About Us

800px-Southern-terminal-ne-tn1-1The Historic Southern Railway Station

 

The Southern Railway Station of Knoxville was built in 1903-1904, and was designed by the architect, Frank P. Milburn, for the Southern Railway Company. Records of the time note an initial construction estimate of $40,000. The budget was later increased to $80,000 and in 1901 a notice indicated that the contract had been awarded to Nicholoas Ittner of Atlanta for $100,000.

Originally, the lower level of the Southern Railway Station contained the mail, express, telegraph, and dining rooms and the baggage area. The upper level consisted of segregated waiting rooms, which opened to the ticket office. These waiting areas each contained a smoking room, ladies’ parlor and restrooms. Interesting architectural features of the Southern Railway Station include fireplaces feating inscriptions by Robert Burns, the Scottish poet, and coffered ceilings in the former two passenger waiting rooms and the former restaurant on the ground level. New paint colors matching the original brick and stone have been used as well as the composition roof, which creates an illusion matching the original slate roof. Both buildings exhibit Neoclassical Revival with Jacobean/Dutch Colonial influence on the exterior, featuring corbel-stepped gables and windows of a new-classical palladia motif. The construction is a combination of brick, wood, and cast iron.

At its apex, the station served more than 30 daily passenger trains. Among these were numerous locals that serve the man lines radiating out of Knoxville into ever rural area of East Tennessee. It was largely these local trains that helped Knoxville to become and maintain the position of a commercial center for the entire region in the days before the automobile. The station saw two world wars and following the great upsurge and strain of traffic from World War II, the unavoidable decline due to the rise of the automobile, the improvement of highways, and the coming of accessible airline transportion.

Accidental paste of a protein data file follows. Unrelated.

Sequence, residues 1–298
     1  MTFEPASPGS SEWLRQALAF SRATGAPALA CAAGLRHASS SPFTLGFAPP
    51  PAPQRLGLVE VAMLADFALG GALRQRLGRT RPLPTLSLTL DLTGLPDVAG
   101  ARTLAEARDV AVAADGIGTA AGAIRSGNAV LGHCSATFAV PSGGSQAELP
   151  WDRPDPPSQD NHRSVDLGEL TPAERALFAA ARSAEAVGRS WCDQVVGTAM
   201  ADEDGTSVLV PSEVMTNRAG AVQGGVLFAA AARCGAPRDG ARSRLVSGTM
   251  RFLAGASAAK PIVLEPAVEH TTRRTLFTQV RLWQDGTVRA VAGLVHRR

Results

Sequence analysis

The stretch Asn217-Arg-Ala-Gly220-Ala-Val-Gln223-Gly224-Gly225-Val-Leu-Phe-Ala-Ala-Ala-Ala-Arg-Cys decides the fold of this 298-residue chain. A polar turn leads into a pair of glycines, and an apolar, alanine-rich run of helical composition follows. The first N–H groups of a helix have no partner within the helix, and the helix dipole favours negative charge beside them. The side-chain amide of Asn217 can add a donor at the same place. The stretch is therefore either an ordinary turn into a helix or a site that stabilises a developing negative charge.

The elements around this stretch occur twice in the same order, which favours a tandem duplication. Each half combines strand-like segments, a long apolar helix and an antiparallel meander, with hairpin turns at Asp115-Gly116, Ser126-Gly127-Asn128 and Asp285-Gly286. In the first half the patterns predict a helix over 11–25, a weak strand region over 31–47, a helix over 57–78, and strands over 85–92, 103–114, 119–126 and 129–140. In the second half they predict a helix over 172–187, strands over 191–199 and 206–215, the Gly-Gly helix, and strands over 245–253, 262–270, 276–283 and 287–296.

Passenger service stopped in 1970. The building was vacant and suffered water and fire damage until purchased at auction by the Southern Station Partnership in 1988. Renovation of the property took place in 1989 in conjunction with the Knoxville Streetscape project on Depot Avenue.

The Historic Southern Railway Station and rail signing were recently purchased by The Southern Station of TN, LLC and renovated into an event venue with endless opportunities. The Station is also the new home to Knoxville’s first winery, Blue Slip Winery, LLC and continues to be the home of long time tenant, Bullock Smith Architects and Old Smoky Railway Museum.

The station is listed on the National Register of Historic Places and has been honored with various preservation awards. Today it serves the community not just as an office building and winery with event space, but also as a landmark of its past and future and a shining example of the best of historic preservation.